Health Care

State reports 130 new cases; officials question lag in vaccine arrivals

Anesthesiologist Anthony Fazzone, who performed the first intubation of a Covid patient in Vermont, was among the first to receive the vaccine at Gifford Medical Center in Randolph on Dec. 16. Photo by Mike Dougherty/VTDigger

Vermont reported 130 new cases of Covid-19 on Thursday, a spike after several days of case counts around 82. The state has 25 people hospitalized with the virus, seven in intensive care, and has had 136 deaths since the pandemic began, Health Commissioner Mark Levine said.

Vermont’s also seeing a trend developing in Bennington, with a spate of cases at the police department and the discovery Wednesday that six staff members tested positive at the Vermont Veterans’ Home.

There will be a facility-wide test this week at the veterans home, state officials said Thursday at the state’s regular Covid-19 briefing. Asked why the public hadn’t been notified of the outbreak at the police department, Levine said he didn’t want the public to avoid calling the police when needed for fear of infection.

He added that the state often doesn’t release case numbers or the settings of outbreaks to protect privacy.

“God forbid, if we announced that there was an outbreak in the Bennington Police Department, and someone needed to dial 911 and they said, ‘I’m not going to do that,’” Levine said. “That would be the worst possible outcome. It is not the entire Bennington police department that is now forbidden from being at the worksite, and I’m sure the rest of them are all using the appropriate precautions that we all use.”

There are no set parameters for when the state will inform the public of an outbreak, said Ben Truman, a spokesman for the state Health Department.

Vaccine holdups

About 14,000 people have been vaccinated against Covid-19 so far in Vermont, part of a phased program. The first group to be vaccinated, known as 1A, includes health care personnel, including clinical staff and support staff, and residents of long-term care facilities. The 14,000 represents about one-fifth of the 1A group and about 2% of the eligible population in Vermont, said Agency of Human Services Secretary Mike Smith.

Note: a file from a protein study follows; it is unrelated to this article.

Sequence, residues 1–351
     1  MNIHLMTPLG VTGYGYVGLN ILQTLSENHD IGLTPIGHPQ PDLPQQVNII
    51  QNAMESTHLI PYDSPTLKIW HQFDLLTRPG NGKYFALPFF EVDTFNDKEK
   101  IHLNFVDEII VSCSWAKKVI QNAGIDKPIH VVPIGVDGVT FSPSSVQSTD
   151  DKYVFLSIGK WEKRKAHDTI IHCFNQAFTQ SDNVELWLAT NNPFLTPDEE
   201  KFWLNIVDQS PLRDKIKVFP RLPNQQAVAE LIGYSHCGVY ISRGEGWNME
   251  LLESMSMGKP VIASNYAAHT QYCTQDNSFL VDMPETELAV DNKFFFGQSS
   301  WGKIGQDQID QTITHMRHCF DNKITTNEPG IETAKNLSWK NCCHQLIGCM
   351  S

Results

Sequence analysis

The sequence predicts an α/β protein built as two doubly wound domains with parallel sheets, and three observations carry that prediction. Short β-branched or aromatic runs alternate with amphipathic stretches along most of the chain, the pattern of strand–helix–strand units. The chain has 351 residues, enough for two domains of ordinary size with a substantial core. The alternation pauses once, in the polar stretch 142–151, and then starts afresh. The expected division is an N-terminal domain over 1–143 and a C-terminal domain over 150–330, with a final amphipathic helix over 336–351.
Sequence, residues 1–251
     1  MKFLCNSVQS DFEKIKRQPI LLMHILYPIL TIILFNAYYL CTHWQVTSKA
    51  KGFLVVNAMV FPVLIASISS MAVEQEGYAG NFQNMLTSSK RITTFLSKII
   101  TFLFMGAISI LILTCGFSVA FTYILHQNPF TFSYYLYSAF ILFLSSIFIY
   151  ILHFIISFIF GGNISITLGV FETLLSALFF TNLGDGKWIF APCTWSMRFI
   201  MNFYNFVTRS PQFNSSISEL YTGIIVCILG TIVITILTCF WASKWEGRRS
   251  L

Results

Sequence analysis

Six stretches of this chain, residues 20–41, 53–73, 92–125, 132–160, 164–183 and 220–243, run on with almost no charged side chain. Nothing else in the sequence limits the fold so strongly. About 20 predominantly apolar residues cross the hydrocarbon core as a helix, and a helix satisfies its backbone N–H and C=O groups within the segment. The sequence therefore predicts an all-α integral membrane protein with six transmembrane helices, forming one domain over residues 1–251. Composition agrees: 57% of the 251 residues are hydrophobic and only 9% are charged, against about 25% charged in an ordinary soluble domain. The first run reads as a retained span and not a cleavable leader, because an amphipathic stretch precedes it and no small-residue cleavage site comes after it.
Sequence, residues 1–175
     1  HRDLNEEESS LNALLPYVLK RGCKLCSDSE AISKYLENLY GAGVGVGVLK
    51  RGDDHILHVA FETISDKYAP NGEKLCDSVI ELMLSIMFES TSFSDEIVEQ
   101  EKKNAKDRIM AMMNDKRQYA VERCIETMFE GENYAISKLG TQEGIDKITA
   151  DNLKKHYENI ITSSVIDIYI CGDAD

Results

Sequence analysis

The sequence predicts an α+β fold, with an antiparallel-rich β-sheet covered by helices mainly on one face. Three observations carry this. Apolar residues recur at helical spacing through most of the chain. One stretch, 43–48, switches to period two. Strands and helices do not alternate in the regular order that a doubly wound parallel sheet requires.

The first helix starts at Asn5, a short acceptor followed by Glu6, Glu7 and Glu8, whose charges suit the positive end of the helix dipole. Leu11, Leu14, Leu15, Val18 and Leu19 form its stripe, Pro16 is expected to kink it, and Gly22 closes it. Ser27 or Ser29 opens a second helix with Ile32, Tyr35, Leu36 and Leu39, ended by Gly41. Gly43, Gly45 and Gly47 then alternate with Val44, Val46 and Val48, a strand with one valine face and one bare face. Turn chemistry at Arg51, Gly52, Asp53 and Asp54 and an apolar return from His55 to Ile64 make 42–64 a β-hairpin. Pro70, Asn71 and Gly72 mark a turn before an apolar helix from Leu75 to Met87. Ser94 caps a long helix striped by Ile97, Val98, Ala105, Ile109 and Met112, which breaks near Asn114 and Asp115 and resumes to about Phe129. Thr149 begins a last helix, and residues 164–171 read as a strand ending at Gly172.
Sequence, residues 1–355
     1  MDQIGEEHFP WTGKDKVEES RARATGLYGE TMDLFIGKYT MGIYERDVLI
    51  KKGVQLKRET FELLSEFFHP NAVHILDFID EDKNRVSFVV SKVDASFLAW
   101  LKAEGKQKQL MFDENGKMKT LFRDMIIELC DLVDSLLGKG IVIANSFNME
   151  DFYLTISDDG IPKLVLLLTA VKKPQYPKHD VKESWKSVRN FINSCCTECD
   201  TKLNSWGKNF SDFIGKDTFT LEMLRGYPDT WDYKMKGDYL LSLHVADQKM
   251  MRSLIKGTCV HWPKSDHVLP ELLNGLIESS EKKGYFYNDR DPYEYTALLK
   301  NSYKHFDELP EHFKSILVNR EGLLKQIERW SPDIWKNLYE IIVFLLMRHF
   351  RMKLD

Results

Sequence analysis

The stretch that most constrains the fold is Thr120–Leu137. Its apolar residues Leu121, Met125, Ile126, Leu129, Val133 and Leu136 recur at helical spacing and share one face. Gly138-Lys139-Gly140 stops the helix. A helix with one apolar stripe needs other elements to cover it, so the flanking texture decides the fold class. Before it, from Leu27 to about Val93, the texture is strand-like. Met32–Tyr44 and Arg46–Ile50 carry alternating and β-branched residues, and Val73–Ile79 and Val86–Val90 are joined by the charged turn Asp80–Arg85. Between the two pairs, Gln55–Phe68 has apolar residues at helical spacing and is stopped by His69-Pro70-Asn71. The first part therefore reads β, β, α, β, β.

As of Thursday, residents at 21 of the state’s 37 skilled nursing facilities had received their first dose of the vaccine. The state expects to finish vaccinating the 1A group by the end of January, and then the state will move to the next group, those over age 75.

The federal government hasn’t sent the state as many doses as promised of the vaccine. This week, it expected 11,000 doses and received only 7,800, Smith said — a problem also reported last week in Vermont and in several other states. The state submits requests for the vaccines each week to the U.S. Centers for Disease Control.

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“We’re really trying to understand what is going on,” said Smith. “You can’t have a program where there is no predictability about what you’re getting.”

“It’s going to have an impact on us down the road.”

Schools update

Gov. Phil Scott and Education Secretary Dan French said that in-person instruction is still a priority for the state’s K-12 students. Winter sports teams will be allowed to begin practicing after the holiday break, and “we’ll continue to watch the data with hopes of getting games restarted just as soon as possible,” Scott said.

French said that the transmission rate in schools continues to be lower than the rate in the public at large. Through surveillance testing, he said, the state has found a positivity rate of under .26%. The rate in the general population is about 10 times that, at 2.5%.

“While we’ve seen some cases associated with schools, there has been very little transmission within the buildings,” he said. “While there are school-based cases and situations, they are the exception, and not the rule, and they’re not driving our outbreaks.”

The New Year

Levine asked Vermonters who might be thinking about New Year’s resolutions to make their mental health a priority.

“If you are setting any goals, please think about how you can take care of your own mental health, and those around you,” he said. “Stay socially connected. Create daily routines and schedules, exercise, eat healthy. Get enough sleep, reach out for support.” He added that helping others counteracts stress.

As for New Year’s celebrations, they’re limited to household members or one other trusted household.

“I hope that if you do celebrate you find ways to do so safely, either with people you live with or with one other trusted household,” he said. “And if you do gather, please get tested seven days afterward.”

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Anne Wallace Allen

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